Competency trumps culture and gender

Recently a CEO hired me to sit in on 5 meetings of his senior management team. The team consists of executives from the USA, Canada, France, Israel, Singapore and Tokyo. There are both men and women in this team; the men tend to be older than the women.

The CEO was surprised when I shared my findings. He had expected that I would discuss the dynamic whereby a certain younger female US based executive constantly criticizes Asia based managers on their lack of transparency. He also expected to hear from me about the poor communication, which is rooted in the vast cultural differences.

My feedback related to the gap between the professional competency of the staff. Clearly, there were team members who were highly experienced and professional, and others who did not know the difference between their ass and their elbow. Two examples will suffice; one female executive had no answers whatsoever to questions she was asked and constantly asked to “check with my people and get back to you”.  One male executive used empty slogans to address complex problems, claiming that “if we just get on the same page, we can tackle the problem, as a team”.

My suggestion to consultants is as follows: cultural and gender differences are important, all things being equal. Things in this case being competence. If there is a huge variance in levels of competence, culture and gender may appear important, but they aren’t. Nothing trumps competence.

Example-

Israel based Daniel, head of research and development, constantly locks horns with US based CFO Jeanette in management meetings. Daniel claims that Jeanette needs to learn what questions to ask; he refuses to answer any question without first cutting her down.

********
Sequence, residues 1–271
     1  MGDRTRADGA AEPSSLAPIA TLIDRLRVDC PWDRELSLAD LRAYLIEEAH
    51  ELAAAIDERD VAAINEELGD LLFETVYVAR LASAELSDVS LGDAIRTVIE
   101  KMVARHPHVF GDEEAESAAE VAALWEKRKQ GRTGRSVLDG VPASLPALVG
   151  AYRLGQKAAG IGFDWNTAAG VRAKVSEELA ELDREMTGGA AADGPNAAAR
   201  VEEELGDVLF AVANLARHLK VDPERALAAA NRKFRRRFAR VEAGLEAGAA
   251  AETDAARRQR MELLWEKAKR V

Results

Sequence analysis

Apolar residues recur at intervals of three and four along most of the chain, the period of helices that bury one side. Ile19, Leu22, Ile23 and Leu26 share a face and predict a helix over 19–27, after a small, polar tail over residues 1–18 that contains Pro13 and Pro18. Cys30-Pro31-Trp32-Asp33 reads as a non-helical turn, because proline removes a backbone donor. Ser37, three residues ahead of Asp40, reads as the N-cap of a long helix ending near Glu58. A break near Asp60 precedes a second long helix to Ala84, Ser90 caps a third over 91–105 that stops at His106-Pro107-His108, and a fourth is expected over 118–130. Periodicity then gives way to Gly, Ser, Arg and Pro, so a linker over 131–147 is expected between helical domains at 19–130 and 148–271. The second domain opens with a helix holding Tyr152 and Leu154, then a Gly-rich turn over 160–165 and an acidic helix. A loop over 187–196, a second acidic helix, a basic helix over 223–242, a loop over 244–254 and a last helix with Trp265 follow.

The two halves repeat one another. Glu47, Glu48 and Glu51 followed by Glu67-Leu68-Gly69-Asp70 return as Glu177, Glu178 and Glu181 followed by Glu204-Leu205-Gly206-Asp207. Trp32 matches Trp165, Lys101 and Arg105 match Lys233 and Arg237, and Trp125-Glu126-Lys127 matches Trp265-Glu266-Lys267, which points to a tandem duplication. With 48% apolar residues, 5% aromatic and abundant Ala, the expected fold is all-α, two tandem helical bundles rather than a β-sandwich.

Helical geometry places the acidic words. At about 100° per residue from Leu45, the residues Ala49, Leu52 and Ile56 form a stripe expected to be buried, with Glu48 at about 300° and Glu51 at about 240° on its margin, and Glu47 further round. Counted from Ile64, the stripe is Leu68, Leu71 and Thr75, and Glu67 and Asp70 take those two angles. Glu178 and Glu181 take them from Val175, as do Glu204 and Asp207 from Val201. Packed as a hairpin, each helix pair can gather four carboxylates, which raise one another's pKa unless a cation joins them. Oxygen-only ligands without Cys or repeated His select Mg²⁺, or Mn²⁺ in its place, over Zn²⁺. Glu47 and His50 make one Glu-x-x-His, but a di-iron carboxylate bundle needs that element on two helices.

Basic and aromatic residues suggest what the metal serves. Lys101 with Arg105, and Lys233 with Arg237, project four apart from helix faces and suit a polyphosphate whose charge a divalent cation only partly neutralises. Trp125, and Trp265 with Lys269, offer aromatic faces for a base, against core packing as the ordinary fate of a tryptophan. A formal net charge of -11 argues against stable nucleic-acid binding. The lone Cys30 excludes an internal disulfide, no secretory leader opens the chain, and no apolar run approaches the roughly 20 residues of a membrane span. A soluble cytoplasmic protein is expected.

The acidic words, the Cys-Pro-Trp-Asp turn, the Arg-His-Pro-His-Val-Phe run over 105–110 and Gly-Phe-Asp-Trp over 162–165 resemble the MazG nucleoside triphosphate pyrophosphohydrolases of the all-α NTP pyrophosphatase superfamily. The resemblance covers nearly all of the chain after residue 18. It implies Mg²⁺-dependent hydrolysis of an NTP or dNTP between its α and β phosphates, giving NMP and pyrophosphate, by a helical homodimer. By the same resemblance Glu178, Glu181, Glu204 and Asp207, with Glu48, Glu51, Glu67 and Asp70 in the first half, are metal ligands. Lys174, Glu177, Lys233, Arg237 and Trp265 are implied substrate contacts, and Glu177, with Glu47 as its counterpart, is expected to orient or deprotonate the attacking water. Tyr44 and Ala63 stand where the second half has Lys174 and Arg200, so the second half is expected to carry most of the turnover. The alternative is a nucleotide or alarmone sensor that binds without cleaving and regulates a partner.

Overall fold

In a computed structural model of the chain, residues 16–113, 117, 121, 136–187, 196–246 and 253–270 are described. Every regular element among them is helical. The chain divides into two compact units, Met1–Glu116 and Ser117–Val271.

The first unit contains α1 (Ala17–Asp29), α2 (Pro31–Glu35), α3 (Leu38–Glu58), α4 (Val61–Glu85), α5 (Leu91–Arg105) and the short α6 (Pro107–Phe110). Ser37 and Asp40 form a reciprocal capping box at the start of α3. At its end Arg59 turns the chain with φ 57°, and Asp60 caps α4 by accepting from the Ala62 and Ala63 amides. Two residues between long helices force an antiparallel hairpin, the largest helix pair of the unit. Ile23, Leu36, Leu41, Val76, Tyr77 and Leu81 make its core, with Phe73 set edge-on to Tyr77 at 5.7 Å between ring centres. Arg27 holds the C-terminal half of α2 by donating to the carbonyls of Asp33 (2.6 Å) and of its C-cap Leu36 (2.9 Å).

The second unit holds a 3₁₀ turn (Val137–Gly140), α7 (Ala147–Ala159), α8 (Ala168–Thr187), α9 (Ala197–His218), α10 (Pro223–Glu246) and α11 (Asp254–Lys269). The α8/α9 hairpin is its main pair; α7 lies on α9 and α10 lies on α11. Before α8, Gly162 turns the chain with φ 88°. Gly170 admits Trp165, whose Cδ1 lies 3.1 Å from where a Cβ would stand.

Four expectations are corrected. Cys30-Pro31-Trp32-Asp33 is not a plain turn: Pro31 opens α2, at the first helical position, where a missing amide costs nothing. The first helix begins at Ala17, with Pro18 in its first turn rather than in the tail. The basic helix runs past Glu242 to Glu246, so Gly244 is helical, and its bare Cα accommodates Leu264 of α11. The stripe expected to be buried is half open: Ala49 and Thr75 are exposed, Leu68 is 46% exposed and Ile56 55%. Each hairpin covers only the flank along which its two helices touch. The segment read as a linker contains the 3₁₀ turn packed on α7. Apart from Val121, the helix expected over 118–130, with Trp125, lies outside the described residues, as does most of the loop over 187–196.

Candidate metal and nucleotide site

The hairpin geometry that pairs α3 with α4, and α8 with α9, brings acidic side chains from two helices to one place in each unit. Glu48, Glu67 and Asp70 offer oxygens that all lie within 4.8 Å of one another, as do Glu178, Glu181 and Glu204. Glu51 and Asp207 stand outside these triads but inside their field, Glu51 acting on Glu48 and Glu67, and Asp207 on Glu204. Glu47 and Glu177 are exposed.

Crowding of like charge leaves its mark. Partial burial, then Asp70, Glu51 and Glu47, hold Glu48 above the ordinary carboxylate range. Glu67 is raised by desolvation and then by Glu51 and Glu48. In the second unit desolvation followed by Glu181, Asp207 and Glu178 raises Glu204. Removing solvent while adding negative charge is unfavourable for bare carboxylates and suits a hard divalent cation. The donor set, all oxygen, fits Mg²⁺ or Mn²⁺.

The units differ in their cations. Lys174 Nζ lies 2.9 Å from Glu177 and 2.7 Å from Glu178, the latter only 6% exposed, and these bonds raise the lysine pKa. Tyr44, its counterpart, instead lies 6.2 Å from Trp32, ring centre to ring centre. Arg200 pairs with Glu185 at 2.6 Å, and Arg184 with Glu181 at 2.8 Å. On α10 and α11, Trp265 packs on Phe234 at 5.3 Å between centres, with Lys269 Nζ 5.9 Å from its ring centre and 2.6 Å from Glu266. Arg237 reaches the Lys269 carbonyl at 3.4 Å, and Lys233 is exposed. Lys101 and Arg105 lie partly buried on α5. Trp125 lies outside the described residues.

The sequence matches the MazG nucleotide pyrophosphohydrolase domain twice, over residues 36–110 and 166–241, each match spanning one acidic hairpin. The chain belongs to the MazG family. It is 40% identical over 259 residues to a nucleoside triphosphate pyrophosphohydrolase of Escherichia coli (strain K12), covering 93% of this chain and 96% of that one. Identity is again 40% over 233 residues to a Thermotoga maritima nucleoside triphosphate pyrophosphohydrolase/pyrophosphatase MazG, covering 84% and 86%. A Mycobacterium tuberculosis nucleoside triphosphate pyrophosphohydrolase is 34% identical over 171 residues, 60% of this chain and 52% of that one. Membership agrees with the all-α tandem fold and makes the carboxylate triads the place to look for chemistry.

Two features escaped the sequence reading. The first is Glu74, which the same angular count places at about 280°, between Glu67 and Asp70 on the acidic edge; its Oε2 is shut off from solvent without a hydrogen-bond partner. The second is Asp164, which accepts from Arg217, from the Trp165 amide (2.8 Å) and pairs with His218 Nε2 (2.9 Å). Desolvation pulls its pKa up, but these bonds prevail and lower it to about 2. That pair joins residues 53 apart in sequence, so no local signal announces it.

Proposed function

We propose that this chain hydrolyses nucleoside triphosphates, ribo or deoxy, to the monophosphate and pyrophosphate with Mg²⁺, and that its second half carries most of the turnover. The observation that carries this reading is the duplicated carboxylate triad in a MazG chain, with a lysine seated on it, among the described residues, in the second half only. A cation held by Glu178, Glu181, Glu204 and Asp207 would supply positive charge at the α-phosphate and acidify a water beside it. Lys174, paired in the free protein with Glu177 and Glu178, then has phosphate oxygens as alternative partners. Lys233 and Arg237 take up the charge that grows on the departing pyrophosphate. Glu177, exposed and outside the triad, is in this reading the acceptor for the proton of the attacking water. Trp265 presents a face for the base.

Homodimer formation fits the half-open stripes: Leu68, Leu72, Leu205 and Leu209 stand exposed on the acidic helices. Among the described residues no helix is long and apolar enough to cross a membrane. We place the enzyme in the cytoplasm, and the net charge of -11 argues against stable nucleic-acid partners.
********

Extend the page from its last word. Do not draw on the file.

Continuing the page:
Jeanette came from an investment bank and clearly does not yet understand the intricacies of budgeting R&D.  Furthermore Jeanette does not have her hands on the steering wheel; she is “fed” by an Israel based accountant who basically deals with authorizing purchase requests. The problem indeed is Jeanette’s competency, not Daniel’s style nor Jeanette’s gender.

 

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Opinions and facts in global organizations

Some but not  all people, distinguish carefully between facts and opinions; for these people there is a time to understand and a time to make a form an opinion.

For other people, stakes (opinions) are put in the ground  after which appropriate facts are sought out to support the opinion. For such people, all the facts, or the wrong facts, are plain damaging, because truth is not what the facts are, but what they should be. (This was very common in Communist art).

And for some people, facts are lies, because the facts display what Marx called a false consciousness, meaning that people perceive what they should not be perceiving.

In global organizations one can often find people from various cultural backgrounds who view opinions and facts very differently.

  • Einat from Israel changes her strongly held opinions many times in a discussion and finally, she agrees on the facts.
  • Nick from the US, believes that facts come before opinions, the former being the basis of the latter.
  • Hans from Munich believes that a grasp of the facts, and all of them, serve the basis for making rational choices, rather than personal opinions.
  • Wong from Beijing believes that  selective facts and  opinions must serve his bosses’ goals.
  • Sergei from Moscow believes that facts and opinions are very often manipulated to serve deep rooted interests, and that it is critical to understand what these interests are and act accordingly. For Sergei, initial facts and opinions are both raw intelligence data.
  • For Som from Bangkok, facts which may embarrass anyone are not real facts; they need to be distorted to maintain a feeling of positiveness and comfort, which serve the ultimate truth of avoiding shame at all costs.

In global organizations, these differences need to factored into so called  models of problem solving.

 

 

 

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